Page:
The Back to School asthma study: the effect of montelukast on asthma burden when initiated prophylactically at the start of the school year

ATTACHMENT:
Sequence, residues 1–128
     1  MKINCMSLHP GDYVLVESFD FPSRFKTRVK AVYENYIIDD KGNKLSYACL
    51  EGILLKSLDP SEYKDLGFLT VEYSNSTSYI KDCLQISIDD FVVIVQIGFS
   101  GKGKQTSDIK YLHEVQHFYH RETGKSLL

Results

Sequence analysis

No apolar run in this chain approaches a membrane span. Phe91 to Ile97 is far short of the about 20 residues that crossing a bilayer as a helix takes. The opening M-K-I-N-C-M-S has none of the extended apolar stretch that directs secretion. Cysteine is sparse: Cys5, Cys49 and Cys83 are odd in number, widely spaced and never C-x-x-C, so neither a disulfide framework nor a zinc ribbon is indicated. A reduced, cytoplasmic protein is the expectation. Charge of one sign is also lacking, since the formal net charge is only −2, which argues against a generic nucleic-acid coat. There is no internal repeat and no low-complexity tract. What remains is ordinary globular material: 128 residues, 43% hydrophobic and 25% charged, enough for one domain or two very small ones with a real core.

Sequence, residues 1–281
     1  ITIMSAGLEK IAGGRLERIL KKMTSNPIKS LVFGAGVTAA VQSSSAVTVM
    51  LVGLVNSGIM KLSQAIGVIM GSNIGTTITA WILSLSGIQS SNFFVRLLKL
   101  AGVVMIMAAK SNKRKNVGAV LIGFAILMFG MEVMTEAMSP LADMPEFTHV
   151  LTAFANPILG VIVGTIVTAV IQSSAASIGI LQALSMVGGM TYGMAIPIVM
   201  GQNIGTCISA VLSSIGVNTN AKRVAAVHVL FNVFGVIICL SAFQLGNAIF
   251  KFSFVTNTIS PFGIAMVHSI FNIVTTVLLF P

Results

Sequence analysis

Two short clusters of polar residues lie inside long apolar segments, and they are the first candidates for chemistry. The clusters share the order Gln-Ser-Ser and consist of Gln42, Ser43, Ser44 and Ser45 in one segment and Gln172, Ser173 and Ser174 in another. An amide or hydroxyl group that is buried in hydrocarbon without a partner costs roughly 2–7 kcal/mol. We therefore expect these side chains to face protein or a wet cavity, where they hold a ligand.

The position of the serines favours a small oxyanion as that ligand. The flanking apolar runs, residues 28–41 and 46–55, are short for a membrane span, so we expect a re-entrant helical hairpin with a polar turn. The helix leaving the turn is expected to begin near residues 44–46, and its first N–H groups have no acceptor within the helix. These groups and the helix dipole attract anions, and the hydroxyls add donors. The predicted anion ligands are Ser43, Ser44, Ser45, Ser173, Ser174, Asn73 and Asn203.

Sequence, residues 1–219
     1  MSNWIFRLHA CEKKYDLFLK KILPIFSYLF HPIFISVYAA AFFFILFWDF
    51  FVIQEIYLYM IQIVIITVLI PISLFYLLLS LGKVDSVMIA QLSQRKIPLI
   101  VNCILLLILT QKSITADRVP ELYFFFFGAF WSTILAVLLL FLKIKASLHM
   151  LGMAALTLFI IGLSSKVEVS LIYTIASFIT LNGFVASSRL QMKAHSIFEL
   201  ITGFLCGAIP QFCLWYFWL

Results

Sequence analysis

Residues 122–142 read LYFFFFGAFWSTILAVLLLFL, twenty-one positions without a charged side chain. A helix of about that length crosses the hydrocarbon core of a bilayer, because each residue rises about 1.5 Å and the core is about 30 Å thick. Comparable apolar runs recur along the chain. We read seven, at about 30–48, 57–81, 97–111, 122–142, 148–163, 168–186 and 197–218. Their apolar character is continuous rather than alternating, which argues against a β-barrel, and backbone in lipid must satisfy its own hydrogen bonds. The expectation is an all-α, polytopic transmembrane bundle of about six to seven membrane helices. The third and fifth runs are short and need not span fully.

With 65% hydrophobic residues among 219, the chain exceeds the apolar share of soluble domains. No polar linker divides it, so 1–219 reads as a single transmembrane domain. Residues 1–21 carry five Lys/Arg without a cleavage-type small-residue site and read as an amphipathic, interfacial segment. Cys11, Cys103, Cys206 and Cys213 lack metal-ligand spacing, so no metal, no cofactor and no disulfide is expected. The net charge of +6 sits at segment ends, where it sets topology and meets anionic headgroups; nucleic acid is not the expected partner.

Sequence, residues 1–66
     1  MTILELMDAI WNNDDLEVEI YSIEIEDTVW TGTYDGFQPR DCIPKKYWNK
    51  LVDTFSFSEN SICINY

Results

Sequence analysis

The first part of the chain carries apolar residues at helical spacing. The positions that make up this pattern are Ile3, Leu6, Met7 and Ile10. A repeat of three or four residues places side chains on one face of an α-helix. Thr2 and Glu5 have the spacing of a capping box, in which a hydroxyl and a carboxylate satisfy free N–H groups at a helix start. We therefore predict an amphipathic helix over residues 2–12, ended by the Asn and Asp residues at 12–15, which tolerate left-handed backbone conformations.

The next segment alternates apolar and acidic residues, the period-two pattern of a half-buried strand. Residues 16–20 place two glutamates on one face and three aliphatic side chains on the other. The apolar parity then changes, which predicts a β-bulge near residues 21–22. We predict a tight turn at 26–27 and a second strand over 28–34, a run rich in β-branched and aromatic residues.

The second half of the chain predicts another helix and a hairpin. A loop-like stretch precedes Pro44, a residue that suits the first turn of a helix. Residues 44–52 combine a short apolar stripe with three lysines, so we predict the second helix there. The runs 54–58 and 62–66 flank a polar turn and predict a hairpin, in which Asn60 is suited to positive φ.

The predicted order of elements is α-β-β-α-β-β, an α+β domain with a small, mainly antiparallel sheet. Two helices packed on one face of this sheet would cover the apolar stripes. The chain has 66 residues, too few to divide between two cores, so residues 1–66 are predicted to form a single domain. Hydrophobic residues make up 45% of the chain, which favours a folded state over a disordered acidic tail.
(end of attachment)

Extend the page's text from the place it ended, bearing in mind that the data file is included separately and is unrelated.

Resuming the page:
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BACKGROUND: Pediatric asthma hospitalizations peak in early autumn. OBJECTIVE: To determine the effectiveness of montelukast therapy in reducing the asthma burden in children when initiated prophylactically on school return. METHODS: This was a randomized, multicenter, double-blind, placebo-controlled study of children with asthma aged 6 to 14 years. No minimum asthma symptoms were required, and patients could continue inhaled corticosteroid (ICS) use. Montelukast, 5 mg, chewable tablet (n = 580) or matching placebo (n = 582) was taken the night before the first day of school and nightly thereafter for 8 weeks. The primary end point was the percentage of days with worsening asthma, defined by one of the following: (1) increased beta-agonist use, (2) increased daytime symptoms, (3) awake "all night," (4) oral corticosteroid rescue or increased ICS use for worsening asthma, or (5) unanticipated health care utilization. RESULTS: The reduction in the percentage of days with worsening asthma with montelukast use versus placebo use was not significant (24.3% vs 27.2%, P = .07). Prespecified subgroup analyses demonstrated nonsignificant trends favoring montelukast therapy in boys and older children but no effect by baseline ICS use or history of cold symptoms. Post hoc analysis showed a nonsignificant trend favoring montelukast therapy in reducing worsening asthma days for children commencing school after August 15 compared with earlier commencement. CONCLUSIONS: Montelukast use was not significantly more effective than was placebo use in reducing the percentage of days with worsening asthma when initiated at the start of the school year. The effect of montelukast treatment on the fall peak in asthma burden may depend on sex, age, and the date of school return.
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